Pantheon, 2010, 239 pages, C$27.00 hc, ISBN 978-0-307-37920-7
It used to be that Science Fiction was something best enjoyed by a small self-selected bunch of geeks. Nothing wrong with that; in fact, I’m often tempted to argue that SF in its purest essence is best when it’s meant to be literature for nerds who otherwise wouldn’t crack open any fiction. Every genre serves a purpose, and SF’s reason for existing may have been to provide entertainment to the techno-scientific subculture.
That, however, stopped being true a long time ago. As SF movies got more popular, as SF television series multiplied, as SF took over video games, Science Fiction has diffused itself into the world, earning some permanent space in the mind of every reasonably-socialized citizen of the western world. SF won; hurrah! Call it a snowball effect: as SF becomes more popular, it becomes more accessible to more people; as it becomes more accessible, it grows even more popular.
But there are consequences to such pervasiveness, and the biggest is that people will use Science Fiction for their own purposes. While a common snotty stereotype among the SF fans is that popularity will invariably dumb-down the material, there is also a possibility that it will spur some truly oddball creation using SF tropes in ways that would never be imagined by old-school SF fans.
I know nothing about Charles Yu except that he’s under 35, and that’s enough to make a few safe predictions: He has lived in the American cultural matrix all of his life. No surprise if his brand of literature is influenced by a boiling cauldron of SF-flavoured references.
How to Live Safely in a Science Fictional Universe is one of those increasingly common novels that use Science Fictional elements with a good understanding of how they work, but don’t quite fit the straightjacket description of genre SF. Unlike previous generations of SF novels written by mainstream writers with a distant, incomplete or dismissive view of Science-Fiction, Yu’s cohort simply picks what they want to use from SF’s bag of tricks in the service of what they’re trying to do. Yu’s first novel is playfully meta-fictional, intensely self-reflective (to the point of having a narrator sharing his name with the author), doesn’t attempt to deliver a fully-imagined reality and doesn’t really want to play by the stylistic or narrative guidelines of the genre.
It’s nominally about a time-travel machine repairman who gets in trouble when he kills a future version of himself, but that’s really just a narrative framework on which to hang reflections on personal destinies, a process of self-growth, funny snippets about the nature of science-fiction universes and an interesting look at a protagonist who knows that something very unpleasant is about to happen to him. There are plenty of nods to classic SF writers in-between “Holy Heinlein” [P.160], a “Niven Ring” [P.162] and “Holy Mother of Ursula K. LeGuin” [P.213], plus some cleverness in skewering the narrative conventions of SF world-building with the titular passages.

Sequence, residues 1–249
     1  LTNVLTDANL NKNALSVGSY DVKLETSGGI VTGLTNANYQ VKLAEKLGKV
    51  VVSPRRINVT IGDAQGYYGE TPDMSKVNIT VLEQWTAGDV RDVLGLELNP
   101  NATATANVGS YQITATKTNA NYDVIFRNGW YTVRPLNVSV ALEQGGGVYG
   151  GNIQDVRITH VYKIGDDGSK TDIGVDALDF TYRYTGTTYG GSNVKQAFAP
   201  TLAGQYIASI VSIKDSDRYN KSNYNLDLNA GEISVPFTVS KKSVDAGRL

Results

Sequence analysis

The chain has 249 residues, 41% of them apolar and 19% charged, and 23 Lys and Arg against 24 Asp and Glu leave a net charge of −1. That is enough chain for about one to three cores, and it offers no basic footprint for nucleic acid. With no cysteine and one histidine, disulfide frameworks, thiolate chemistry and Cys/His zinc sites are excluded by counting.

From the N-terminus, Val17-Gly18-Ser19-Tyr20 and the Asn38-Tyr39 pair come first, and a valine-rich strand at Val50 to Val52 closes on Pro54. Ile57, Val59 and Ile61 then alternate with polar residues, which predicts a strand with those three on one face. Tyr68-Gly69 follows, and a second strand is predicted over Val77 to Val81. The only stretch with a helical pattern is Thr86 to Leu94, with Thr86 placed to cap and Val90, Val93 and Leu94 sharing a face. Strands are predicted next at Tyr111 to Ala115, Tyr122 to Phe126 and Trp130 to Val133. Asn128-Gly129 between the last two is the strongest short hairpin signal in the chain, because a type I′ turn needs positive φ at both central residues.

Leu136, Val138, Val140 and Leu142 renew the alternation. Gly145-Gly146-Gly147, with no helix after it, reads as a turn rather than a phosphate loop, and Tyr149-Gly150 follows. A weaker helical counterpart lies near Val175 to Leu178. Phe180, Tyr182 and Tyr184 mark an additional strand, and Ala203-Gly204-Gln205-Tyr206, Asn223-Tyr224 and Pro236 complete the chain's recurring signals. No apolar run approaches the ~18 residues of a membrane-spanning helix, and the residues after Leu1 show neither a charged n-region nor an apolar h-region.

The meta-fictional games (referring to the novel by its own page numbers, or as a book to be written by the narrator who’s aware that he’s writing one) are the extra proof that Yu’s novel is meant to be taken as literary diversion rather than hard-edged speculation. As such, How to Live Safely in a Science Fictional Universe works more often than it should: If the novel feels shorter and les substantial than narrative-heavy classical-mode SF novels, that’s a prejudiced reading from a genre-SF perspective. It may be more fulfilling to consider the book as a playful mainstream novel that fully engages with a science-fictional trope. It’s certainly a joy to read –not for the story, but for the moments, digressions, references and new ways to look at familiar issues. Despite the novel’s emo-mopey attitude, I smiled quite a bit more than I expected, and I’m going to carry the amusing bits longer than the maudlin ones.
For those taking a wider-spectrum view of the novel and what it means, I note that it fits well between Michael Ruben’s The Sheriff of Yrnameer, Nick Harkaway’s The Gone-Away World, Audrey Niffenegger’s The Time-Traveler’s Wife and Larry Doyle’s Go Mutants! (not to mention Junot Diaz’s The Brief Wondrous Life of Oscar Wao) as hip quasi-mainstream novels that take a somewhat light-hearted approach to blending genre or genre-friendly elements into a literary framework. The generation that grew up on VHS horror movies, Nintendo gaming, Star Trek: The Next Generation and the Gulf War is finally finding its voice… and it has a vision of the present that’s influenced by Science Fiction. Gernsback and Campbell wouldn’t necessarily approve of the result, but they’re not around to complain.